Boston Celtics: Is the ‘Kornet Kontest’ effective or just a cheap gimmick?

Boston Celtics back-up center Luke Kornet has capture the attention of many around the league with his unique close out on jumpers. Is it effective though (Photo by Omar Rawlings/Getty Images)
Boston Celtics back-up center Luke Kornet has capture the attention of many around the league with his unique close out on jumpers. Is it effective though (Photo by Omar Rawlings/Getty Images) /

One of the biggest surprises for the Boston Celtics through the first quarter of the 2022-23 NBA season has been rotation big man Luke Kornet. Heading into the year, there was a ton of discussion amongst fans and media on what the C’s should do to bolster their big-man rotation. Plenty of members of the Celtics community were calling for some sort of move to bring in a back-up center.

Fast forward to today, the 27-year-old has proven to not only be a serviceable fill-in while Robert Williams III recovers from a procedure on his left knee, but a solid back-up option for Boston going forward. Over the first 21 games, he’s been an integral part of the successful Celtics second unit. Kornet is averaging just under five points in 13 minutes per game, while shooting a career high 68% from the field. On the defensive end, he has proven to be a solid rim protector, rejecting 1.3 shots per game.

However, no one’s really been discussing Kornet’s presence in the paint this season. The talk surrounding the seven-foot-two Texas native has been his unique strategy to defend the 3-ball. Whether you call it “the eclipse” or the “Kornet Kontest” the tactic has caught the attention of anyone who’s been watching the Boston Celtics.

Essentially, what Kornet has been doing is contesting three-pointers from afar. Instead of closing out in a traditional fashion, he leaps up with both hands, attempting to block the shooter’s sight of the basket mid shot.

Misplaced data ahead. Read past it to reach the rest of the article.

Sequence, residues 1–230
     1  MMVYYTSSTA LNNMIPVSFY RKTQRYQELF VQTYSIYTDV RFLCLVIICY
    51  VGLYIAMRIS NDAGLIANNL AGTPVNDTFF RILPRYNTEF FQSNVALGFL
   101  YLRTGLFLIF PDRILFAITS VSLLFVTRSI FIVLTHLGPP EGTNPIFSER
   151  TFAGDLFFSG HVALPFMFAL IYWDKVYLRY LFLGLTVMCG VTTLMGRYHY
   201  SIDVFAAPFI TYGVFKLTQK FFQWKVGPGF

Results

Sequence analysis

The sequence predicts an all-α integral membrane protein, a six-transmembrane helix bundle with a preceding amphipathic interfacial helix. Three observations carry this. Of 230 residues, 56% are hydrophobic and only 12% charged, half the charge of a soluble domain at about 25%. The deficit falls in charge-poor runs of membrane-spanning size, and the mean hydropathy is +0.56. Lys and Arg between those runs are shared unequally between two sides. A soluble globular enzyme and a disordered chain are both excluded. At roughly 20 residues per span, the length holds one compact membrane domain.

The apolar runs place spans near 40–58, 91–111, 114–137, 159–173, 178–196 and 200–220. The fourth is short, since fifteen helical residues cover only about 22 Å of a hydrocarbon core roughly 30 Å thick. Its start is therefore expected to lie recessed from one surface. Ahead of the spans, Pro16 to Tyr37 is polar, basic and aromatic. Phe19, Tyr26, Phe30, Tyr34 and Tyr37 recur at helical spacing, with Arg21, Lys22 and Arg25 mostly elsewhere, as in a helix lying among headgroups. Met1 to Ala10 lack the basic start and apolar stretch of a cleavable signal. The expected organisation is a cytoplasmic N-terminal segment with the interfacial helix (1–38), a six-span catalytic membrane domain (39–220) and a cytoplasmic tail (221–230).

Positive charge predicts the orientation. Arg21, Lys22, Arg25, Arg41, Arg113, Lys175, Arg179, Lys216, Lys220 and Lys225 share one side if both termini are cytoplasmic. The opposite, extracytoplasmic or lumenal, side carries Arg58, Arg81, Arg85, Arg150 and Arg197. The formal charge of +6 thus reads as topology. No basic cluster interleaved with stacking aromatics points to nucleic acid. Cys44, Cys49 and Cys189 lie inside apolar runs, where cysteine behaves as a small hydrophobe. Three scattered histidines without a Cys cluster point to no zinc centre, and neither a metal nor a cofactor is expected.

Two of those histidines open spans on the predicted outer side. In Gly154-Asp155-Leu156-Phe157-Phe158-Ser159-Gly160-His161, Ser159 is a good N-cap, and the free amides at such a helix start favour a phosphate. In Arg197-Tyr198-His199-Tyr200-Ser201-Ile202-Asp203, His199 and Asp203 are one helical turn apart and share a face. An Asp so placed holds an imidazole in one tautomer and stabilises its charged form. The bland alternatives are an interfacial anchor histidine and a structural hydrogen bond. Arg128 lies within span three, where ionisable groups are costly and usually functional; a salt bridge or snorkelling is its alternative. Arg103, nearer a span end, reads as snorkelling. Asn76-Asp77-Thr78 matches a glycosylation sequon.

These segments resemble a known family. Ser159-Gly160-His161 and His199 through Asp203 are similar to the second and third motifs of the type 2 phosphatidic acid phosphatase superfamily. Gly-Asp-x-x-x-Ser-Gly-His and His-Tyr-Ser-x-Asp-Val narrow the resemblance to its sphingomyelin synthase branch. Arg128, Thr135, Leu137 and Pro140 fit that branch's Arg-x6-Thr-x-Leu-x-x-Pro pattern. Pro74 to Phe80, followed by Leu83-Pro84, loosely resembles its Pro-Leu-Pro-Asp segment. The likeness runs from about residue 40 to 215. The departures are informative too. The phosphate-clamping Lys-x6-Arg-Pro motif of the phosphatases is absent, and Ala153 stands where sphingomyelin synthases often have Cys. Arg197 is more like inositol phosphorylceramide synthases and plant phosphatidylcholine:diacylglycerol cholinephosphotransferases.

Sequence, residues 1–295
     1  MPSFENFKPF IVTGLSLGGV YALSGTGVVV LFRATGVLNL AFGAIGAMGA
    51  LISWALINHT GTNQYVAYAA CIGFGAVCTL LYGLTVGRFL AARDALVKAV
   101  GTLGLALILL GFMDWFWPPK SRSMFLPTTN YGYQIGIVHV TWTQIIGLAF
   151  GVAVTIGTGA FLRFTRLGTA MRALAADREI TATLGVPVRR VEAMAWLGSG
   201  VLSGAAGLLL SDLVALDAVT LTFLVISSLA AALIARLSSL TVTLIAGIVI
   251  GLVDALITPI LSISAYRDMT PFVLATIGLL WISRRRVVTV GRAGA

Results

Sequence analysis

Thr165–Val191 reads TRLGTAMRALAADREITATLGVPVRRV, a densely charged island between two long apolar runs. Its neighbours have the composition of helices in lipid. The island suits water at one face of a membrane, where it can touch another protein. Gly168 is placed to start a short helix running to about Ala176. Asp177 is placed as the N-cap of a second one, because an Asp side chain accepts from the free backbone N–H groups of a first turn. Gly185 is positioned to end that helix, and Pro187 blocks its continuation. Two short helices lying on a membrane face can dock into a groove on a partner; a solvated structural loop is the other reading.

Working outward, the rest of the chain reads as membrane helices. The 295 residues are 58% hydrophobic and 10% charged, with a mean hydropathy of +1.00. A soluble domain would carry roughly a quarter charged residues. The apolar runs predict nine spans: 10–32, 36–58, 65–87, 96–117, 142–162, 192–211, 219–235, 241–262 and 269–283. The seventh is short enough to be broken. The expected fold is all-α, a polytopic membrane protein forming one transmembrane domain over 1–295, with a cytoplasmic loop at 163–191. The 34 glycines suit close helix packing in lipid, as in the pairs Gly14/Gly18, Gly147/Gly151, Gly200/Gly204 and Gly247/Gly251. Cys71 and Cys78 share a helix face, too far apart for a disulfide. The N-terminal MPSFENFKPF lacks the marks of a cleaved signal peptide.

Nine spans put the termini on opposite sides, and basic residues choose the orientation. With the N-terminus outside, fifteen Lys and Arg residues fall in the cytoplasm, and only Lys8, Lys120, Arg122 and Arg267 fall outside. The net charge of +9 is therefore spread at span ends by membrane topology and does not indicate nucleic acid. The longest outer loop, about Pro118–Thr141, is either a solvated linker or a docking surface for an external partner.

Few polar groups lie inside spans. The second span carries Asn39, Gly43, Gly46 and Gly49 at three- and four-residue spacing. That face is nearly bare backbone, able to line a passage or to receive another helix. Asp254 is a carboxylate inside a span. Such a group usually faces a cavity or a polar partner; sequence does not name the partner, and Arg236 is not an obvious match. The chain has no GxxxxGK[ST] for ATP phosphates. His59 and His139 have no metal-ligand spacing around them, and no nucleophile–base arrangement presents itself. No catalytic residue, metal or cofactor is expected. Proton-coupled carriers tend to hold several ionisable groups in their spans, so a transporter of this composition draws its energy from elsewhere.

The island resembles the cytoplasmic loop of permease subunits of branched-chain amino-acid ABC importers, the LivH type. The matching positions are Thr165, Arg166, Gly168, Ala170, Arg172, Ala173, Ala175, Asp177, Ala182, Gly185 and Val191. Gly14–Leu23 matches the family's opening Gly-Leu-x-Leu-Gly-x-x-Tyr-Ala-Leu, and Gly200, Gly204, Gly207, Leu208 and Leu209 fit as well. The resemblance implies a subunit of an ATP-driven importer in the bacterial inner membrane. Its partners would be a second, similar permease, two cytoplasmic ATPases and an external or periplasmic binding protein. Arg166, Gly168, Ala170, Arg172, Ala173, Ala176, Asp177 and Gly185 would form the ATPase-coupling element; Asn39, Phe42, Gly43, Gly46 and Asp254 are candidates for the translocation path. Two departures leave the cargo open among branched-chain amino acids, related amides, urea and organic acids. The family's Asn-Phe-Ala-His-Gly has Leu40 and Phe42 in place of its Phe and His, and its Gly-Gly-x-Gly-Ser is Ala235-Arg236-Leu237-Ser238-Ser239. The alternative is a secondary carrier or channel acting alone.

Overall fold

As much of an eye-catcher as the move is, does it actually work?

Boston Celtics (Photo by Omar Rawlings/Getty Images)
Boston Celtics (Photo by Omar Rawlings/Getty Images) /

Does ‘the eclipse’ benefit the Boston Celtics?

At first glance the strategy looks pretty silly. It’s just this big dude jumping at shooters while 15 feet away. Things change when you really put some thought into it though. Kornet, a seven-footer, who isn’t particularly gifted with the fastest feet on the planet, is finding a way to close out on shooters without risking getting blown by on a fake, or being whistled for one of those soft foul calls on a jumper (in an unrelated note, we hope Zaza’s coffee is cold today).

As long Kornet isn’t playing help defense on someone else’s man, the strategy doesn’t have a real flaw. If he’s supposed to be guarding a big, like he was the first time we saw the move on Oct. 28 against the Cleveland Cavaliers, then it allows his man to get into better rebounding position.

Following Monday’s victory over the Charlotte Hornets, Boston Celtics Head Coach Joe Mazzulla had some concerns about the move. He said that he’d like to see Kornet continue to perfect it because players are “getting better at attacking it.”

Kornet was later asked about his coach’s criticism and echoed points mentioned earlier in this article (don’t worry about it I know my stuff). He touched on how he usually isn’t in the best guarding position before he jumps, and that the jump allows him to at least have some sort of effect on the shooter. He explained:

"“Usually by the time they’re driving I can have the time to land and turn (to get into guarding position).”"

The question now comes up, how do we actually know if it’s effective? Is there a stat for this? Officially, the answer is no. However, “Heat Check” a YouTuber who makes NBA related videos, took a dive into the new move in a recent upload.

According to his research, Kornet has contested 12 3-point attempts using “the eclipse” and only three of them have fallen. With only 25% of shots dropping when Kornet does “the eclipse”, the tactic seems to be just as effective as a “tight contest,” which the NBA defines as when the closest defender is 2-4 feet from the shooter. Over two thirds of the league makes more than 25% of attempts that are tightly contested.

So, in short, the “Kornet Kontest” is about as effective as a tight contest, without the risk of being blown by on a drive or being called for a foul.